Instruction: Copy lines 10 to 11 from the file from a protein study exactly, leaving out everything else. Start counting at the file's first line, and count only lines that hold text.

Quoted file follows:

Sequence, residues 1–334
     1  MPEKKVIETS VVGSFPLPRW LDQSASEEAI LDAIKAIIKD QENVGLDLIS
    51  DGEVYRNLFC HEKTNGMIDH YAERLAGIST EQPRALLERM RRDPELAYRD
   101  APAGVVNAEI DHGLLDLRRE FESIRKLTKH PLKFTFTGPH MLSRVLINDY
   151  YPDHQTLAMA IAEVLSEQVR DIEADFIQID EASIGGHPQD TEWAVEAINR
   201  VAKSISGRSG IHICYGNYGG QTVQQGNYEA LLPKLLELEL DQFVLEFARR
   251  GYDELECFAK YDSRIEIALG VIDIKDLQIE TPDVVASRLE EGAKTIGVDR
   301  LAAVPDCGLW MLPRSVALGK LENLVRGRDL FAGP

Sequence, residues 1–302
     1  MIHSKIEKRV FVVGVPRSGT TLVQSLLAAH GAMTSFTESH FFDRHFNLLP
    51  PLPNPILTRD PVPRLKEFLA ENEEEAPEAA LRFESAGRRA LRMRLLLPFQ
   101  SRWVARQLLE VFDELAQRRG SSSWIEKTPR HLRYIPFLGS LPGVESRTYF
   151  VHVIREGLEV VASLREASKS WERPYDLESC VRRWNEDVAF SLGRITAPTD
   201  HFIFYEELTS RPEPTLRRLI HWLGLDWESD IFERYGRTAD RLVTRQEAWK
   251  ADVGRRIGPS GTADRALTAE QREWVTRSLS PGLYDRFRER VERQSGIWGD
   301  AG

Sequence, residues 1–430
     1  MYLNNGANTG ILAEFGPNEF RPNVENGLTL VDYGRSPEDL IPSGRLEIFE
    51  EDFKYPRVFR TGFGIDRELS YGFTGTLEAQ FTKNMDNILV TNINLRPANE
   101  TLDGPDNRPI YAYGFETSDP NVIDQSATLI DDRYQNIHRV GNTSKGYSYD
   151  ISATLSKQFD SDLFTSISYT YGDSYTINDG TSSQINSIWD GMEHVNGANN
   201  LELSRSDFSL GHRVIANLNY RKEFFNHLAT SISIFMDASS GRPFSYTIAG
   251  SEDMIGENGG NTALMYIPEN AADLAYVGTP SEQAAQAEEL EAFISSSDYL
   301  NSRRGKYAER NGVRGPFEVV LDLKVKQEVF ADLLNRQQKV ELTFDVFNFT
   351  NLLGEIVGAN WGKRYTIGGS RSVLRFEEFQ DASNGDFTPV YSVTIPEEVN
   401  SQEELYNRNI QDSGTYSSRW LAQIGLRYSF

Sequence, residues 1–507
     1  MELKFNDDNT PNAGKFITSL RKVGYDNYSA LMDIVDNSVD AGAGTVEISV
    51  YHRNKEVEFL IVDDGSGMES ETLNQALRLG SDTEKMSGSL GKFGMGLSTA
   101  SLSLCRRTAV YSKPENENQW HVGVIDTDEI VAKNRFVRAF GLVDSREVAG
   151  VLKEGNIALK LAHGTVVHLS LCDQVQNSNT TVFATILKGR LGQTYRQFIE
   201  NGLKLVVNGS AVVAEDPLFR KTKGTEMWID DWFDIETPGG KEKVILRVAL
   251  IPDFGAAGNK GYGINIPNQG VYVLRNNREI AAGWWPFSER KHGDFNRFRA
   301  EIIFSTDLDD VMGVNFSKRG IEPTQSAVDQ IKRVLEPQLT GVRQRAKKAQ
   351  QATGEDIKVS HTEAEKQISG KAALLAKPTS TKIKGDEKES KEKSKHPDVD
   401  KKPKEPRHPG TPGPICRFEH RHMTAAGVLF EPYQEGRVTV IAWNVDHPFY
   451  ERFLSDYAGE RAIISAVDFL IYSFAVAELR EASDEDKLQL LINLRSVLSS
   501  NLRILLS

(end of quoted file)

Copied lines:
     1  MIHSKIEKRV FVVGVPRSGT TLVQSLLAAH GAMTSFTESH FFDRHFNLLP
    51  PLPNPILTRD PVPRLKEFLA ENEEEAPEAA LRFESAGRRA LRMRLLLPFQ